Hi, I thought I would post a few photos of a build journey a few pics at a time to save a big lengthy post at the end of the process.
This may be of interest to some members as there appears to be quite a bit of interest on here regarding Resonator guitars., and this is my journey to building a low-cost full-size resonator guitar.
This is the first time, other than the very first instrument I built, a mountain dulcimer back the early 1970’s, that I have built using plywood. And its not instrument grade laminated timber its hardware shop grade 3 ply. You know the stuff that bows up like a photograph in the sun. For this reason, as soon as I got it home, I cut it up into usable dimensions and put weights on the pieces. But that might depend on where one lives.
I will not show every stage but mainly the important milestones with some comments along the way. Enjoy…. I hope…………………….
Next, working on the back. Taff
Getting close to the finish now…………
I drilled the tuner holes in the peg head just under size and ease them with a reamer to get a firm push fit for the bushings. I use a tool I made up to do this, no hammering.
When installing the tuners I always mark one hole, drill one hole, and fit one screw, then line up the tuner and do the same for the other screw. I also use candle wax to lubricate the tread of the screw. I use a 1/16 drill for the regular sized tuner screws. See the difference in size of the good quality screws that come with good quality tuners. Grover, dearest purchase of the whole project.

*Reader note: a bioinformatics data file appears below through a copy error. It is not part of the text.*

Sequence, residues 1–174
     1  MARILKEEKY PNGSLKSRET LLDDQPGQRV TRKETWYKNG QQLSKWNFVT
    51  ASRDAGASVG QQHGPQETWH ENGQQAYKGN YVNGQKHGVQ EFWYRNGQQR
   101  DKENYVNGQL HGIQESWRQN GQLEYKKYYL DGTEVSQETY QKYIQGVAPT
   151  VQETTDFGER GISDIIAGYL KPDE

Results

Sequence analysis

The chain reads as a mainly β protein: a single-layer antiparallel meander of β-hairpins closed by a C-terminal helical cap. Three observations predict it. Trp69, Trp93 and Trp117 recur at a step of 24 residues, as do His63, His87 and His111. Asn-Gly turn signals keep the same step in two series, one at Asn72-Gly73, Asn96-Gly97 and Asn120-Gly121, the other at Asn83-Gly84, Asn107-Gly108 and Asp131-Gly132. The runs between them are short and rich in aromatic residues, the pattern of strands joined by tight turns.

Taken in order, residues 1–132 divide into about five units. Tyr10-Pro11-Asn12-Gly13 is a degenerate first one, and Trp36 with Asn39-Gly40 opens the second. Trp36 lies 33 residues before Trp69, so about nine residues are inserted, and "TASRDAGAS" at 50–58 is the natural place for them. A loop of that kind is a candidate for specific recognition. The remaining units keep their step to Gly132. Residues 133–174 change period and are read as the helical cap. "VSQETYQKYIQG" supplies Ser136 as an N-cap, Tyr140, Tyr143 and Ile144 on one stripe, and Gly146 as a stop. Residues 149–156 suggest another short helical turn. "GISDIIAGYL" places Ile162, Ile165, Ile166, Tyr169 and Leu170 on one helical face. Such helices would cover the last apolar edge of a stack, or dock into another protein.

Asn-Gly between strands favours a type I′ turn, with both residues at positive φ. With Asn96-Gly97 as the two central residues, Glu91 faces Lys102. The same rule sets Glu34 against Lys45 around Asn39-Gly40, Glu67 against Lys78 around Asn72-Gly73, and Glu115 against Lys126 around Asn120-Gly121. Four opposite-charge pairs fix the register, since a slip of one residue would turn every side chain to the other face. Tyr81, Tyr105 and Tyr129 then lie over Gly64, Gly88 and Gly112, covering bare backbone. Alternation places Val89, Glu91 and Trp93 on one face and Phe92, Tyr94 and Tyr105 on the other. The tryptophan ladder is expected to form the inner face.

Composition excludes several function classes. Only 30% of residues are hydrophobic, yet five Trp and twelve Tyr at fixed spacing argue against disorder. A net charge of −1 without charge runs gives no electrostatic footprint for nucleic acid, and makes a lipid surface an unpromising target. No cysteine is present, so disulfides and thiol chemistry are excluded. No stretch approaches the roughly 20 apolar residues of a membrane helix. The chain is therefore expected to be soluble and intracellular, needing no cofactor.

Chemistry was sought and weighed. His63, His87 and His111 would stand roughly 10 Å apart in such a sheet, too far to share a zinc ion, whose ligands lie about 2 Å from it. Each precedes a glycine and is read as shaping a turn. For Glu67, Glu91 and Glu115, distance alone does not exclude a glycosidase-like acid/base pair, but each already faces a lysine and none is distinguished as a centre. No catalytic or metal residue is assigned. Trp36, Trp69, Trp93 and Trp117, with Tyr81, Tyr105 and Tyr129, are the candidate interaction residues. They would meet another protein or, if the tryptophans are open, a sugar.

The nut was too low, so I had to add 3mm to the bottom to get my 3/8” string height over the fingerboard. I did this by cutting up a bone saddle to size and gluing and pinning it [with bone pins] to the underside of the bone nut. Then sanding it to size and polishing it.
The special ruler for marking out string spacing allows for the different string sizes, so the spacings in between strings are all the same.
Hi, this will be the last post on this thread, it’s the end of the Journey……
Body and neck had the grain filled, but not fully filled as I did not want this guitar to look too much of a “polished” finish. Only about three coats of rattle can Poly and a waxed finish rubbed on after the Matt finish had been slightly rubbed back.
The no rules “rule” can also apply to any musical instrument, not just CBG’s, so I fitted an arm rest to this guitar. It serves in two ways, to keep my arm and perspiration off of the chrome coverplate and off the thin poly lacquer finish.
Well this is my Christmas present to myself………… I hope yours is as fruitful.
There’s more info and photos in another thread. The Journeys End Drought Breaker Resonator
Thanks for following,Taff.
Killer job Taff! Post a video gotta hear it!
That's the kind of craftsmanship we can all aspire to. Wonderful work and equally wonderful documentation. I'm sure everyone on the forum appreciates the extra time and effort you took to get step by step photos. You should consider putting it all together in a how-to book. There are few books on building a resonator and insights and tips are priceless for the first time builder.
Thanks again for posting this (all of this).